Continuing his tradition of bringing top Highland Games coverage to the IronMind® news column as well as to MILO®, Francis Brebner filed this report on the Texas Highland Games, which includes the eagerly awaited outcome of defending Highland Games World Champion Gregor Edmunds's bid to find a bride to bring back to Scotland.
Sean Betz (left) accepts his championship trophy from David Webster, OBE. IronMind® | Photo courtesy of Francis Brebner.
Texas World Highland Games and "Who Will Date Gregor" by Francis Brebner
Records tumbled at the Texas World Highland Games, and no wonder with such an awesome line-up of athletes, including: Gregor Edmunds (Scotland), 2007 Highland Games world champion; Sean Betz (USA), 2008 Highland Games world champion; Larry Brock (USA), current World Scottish Hammer Throwing champion; Greg Hadley (Canada), current Canadian Highland Games champion; Harrison Bailey (USA), 2006 U.S. champion; Andrew Hobson (USA), former world amateur Scottish hammer record holder; and Mike Zolkowitz (USA ),who placed fifth in this year's World Highland Games Championships.
With a line-up like this, it was destiny that records would fall, and fall they did. In the first event of this two-day competition, the 22-lb. Braemar standing putt, the ground record had been set by Texan James Parman, with a distance of 43' 2", back in 2001. Edmunds came within one inch of breaking the ground record and was leading the group until Sean Betz landed a blitzing throw of 43' 8", establishing a new ground record and taking the first place spot from Edmunds. Mike Zolkowitz followed closely behind in third place, with 41' 1".
In the 28-lb. weight for distance, the ground record had been set at 85' 8" by Big Dave Brown in 2006, and this record was also ravaged as Betz tore it apart with a throw of 90' even. Larry Brock was in second place with 85' 3", and Edmunds was in third place, with 81' 11", which left the big Scotsman a little disgruntled as he knew he could have thrown a lot farther.
But in the 22-lb. hammer, it was Larry Brock who claimed his first win of the competition, with a throw of 113' 7", putting a squeeze on Betz's winning streak. Betz had to settle for second place, with 110' 1", and Bailey finished third, with 105' 7".
The caber was an open and shut case from the start: Edmunds, the current World Caber Tossing champion, showed great technique and timing and slammed home three perfect 12 o'clock tosses, sending out a message of "don't mess with the (caber-ya-ken) champion," a phase that Edmunds often uses. In second was Brock, with one 12 o'clock toss; and in third was Bailey, with an 11:30 toss.
Going into the weight over the bar, I knew that this was going to be a clash as there were so many great weight throwers, but I was surprised to see Bailey go out at the starting height of only 14'; and with the bar now at 15', it was Edmunds and Zolkowitz who shockingly also made a early exit from the competition.
With the bar now at 16', Hobson, Brock, and Betz all narrowly cleared the bar, and with the new height of 16' 6", only Betz made it, claiming yet another first place. Brock was in second place on count back over Hobson.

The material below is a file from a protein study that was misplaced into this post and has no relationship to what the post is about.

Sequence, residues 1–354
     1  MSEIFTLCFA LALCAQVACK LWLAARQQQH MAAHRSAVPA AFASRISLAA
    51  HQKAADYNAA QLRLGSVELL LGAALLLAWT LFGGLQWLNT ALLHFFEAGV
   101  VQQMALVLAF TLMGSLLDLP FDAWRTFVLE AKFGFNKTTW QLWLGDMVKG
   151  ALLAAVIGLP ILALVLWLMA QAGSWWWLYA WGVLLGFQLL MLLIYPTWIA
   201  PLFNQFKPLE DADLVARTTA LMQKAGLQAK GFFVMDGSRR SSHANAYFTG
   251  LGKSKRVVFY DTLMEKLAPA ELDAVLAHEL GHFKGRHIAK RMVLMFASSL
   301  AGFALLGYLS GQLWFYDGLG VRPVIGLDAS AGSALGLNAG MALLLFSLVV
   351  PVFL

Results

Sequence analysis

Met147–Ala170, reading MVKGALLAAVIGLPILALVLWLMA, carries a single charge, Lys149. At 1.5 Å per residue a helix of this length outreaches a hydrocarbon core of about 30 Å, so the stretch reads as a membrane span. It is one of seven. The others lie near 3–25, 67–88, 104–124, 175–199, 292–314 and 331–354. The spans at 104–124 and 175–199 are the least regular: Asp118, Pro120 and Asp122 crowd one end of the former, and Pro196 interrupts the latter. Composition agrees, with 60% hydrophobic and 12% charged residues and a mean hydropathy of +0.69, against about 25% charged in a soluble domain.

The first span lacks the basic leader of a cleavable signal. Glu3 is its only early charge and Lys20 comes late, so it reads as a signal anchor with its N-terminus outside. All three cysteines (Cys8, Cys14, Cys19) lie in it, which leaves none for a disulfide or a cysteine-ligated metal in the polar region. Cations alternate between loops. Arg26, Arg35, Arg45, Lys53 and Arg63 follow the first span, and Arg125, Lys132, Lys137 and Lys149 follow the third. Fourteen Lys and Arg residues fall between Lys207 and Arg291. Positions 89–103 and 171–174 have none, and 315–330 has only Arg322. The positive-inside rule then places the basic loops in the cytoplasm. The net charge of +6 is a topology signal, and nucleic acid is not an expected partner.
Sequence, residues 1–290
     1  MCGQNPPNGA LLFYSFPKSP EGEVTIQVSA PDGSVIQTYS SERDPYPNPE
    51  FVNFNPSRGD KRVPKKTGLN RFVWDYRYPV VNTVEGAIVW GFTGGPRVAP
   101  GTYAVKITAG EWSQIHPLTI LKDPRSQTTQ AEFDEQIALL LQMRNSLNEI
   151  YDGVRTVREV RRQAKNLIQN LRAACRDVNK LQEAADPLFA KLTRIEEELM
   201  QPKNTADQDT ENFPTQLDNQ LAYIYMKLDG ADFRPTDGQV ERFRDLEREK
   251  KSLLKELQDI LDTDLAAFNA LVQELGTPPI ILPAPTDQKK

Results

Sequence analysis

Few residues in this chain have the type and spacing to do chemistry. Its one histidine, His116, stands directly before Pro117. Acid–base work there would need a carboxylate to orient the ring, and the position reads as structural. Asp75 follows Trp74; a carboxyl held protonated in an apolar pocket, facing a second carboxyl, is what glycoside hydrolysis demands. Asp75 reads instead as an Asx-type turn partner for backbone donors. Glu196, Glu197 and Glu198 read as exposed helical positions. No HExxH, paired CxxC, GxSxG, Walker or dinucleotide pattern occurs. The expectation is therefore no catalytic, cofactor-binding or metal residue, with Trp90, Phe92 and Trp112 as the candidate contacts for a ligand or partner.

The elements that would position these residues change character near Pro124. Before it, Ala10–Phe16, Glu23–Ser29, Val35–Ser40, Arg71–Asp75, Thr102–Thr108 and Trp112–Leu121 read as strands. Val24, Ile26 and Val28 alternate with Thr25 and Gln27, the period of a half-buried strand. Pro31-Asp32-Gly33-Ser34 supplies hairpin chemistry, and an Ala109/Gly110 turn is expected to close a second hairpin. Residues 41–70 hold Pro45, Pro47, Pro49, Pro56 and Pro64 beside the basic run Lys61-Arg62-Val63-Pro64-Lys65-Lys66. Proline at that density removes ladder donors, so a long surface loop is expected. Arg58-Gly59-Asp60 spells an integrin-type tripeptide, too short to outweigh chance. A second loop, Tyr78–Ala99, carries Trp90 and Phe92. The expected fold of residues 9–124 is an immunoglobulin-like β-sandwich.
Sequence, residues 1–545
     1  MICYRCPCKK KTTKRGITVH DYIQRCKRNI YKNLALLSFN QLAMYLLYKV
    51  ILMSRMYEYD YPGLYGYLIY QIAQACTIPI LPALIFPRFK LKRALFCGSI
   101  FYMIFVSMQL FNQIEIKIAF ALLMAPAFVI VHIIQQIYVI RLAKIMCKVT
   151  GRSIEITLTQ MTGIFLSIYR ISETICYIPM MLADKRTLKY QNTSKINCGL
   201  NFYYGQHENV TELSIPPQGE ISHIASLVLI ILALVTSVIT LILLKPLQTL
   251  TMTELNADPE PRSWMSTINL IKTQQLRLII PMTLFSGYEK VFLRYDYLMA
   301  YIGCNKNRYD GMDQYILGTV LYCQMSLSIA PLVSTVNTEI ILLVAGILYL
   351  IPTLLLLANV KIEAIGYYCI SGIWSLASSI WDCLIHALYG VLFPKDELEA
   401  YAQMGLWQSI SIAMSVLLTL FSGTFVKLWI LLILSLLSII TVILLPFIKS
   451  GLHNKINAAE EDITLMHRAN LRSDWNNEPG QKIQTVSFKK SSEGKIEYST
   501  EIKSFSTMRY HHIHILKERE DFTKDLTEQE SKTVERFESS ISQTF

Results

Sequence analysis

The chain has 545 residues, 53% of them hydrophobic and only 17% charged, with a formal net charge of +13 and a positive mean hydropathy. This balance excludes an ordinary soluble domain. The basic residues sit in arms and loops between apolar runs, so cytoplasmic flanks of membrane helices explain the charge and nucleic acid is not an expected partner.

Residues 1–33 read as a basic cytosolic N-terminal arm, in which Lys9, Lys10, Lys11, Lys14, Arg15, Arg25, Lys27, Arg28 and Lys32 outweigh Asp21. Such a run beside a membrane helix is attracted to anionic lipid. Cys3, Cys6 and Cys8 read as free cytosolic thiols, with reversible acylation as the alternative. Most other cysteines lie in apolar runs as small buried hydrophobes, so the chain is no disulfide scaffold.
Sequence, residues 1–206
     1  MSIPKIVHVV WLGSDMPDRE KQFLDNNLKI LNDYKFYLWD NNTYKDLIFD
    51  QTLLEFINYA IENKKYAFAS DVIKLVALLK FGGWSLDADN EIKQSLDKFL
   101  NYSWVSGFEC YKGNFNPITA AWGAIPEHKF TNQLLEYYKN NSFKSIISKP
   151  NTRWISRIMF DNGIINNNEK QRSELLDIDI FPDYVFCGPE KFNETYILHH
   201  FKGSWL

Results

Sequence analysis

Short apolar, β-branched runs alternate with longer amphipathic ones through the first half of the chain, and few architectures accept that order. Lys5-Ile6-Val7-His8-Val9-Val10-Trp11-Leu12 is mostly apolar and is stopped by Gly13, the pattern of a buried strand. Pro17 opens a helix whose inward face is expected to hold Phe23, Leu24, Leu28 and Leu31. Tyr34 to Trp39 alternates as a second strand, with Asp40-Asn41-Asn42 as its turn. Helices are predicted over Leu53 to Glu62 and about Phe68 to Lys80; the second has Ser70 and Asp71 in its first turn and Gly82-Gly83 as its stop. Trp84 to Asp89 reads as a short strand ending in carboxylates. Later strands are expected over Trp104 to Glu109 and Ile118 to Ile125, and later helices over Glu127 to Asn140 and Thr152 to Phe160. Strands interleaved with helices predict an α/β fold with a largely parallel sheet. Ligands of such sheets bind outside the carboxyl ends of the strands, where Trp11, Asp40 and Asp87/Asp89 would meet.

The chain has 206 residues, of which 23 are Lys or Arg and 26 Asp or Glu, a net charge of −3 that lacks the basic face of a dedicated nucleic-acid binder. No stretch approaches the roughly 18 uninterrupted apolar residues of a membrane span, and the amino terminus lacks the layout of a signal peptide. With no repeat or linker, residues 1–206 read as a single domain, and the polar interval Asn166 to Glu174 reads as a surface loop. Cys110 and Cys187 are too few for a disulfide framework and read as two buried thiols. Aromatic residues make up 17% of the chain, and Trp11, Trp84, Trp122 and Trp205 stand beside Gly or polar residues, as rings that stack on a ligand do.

Going into the second day's competition, putting the 16-lb. shot, it was Betz showing no mercy and claiming another win with a distance of 53' 7", setting a new ground record. In second spot was Zolkowitz with 50' 4", and in third place was Bailey with 48' 8".
In the 56-lb. weight for distance, the record in this event was set in 2003 by Big Dave Brown, with a distance of 43' 8", and this was marginally broken by Brock, with a throw of 43' 11". This was closely followed by Bailey, in second place, with a notable throw of 42' 3". Betz was in third, with 40' 11".
The next record on the chopping block was the 16-lb. hammer, which was set by Canadian Harry MacDonald back in 1998, with a distance of 136' even. This record was chopped and then diced by both Brock and Betz, with Brock taking the first place win over Betz with 146' 7", and Betz coming in second place with 141' 10". Edmunds was third, with 134' 3", still making Brock the number one man to beat in the hammer.
Larry Brock: "The number one man to beat in the hammer." IronMind® | Photo courtesy of Francis Brebner.
The challenge caber was by far one of the heaviest cabers ever to be attempted. Again it was Edmunds, with excellent timing and Herculean power, who tossed this mighty 17-ft. long and 180-lb. caber, which delighted the many thousands of spectators (and the Edmunds' groupies), with three 12 o'clock tosses, but what would you expect from a son of the twice World Caber champion Dougie Edmunds. In second place was Brock, showing real grit and determination and just narrowly tossing this daunting caber with one 12 o'clock toss, joining Edmunds in the monster caber tossing club.
Overall points places and points:
1. Sean Betz 15 points
2. Larry Brock 20
3. Gregor Edmunds 29
3. Harrison Bailey 30
4. Mike Zolkowitz 35
5. Andrew Hobson 38
6. Greg Hadley 58
As for Gregor Edmunds and his blind date in his quest to find true love, he had more than enough entries to have kept the big Scotsman in Texas a month longer or more.
I asked Gregor how he enjoyed the whole experience and if there was any chance of a possible romance with any of his Texas beauties. Edmunds replied, "I have had a great time and yes, there could be a possible chance of romance on the horizon, but I am not sure of which one as my Blackberry can't hold any more numbers at the moment."
The lovely Amanda Perry and the irresistible Gregor Edmunds, who came to Texas in search of not just another Highland Games title, but also a bride. IronMind® | Photo courtesy of Francis Brebner.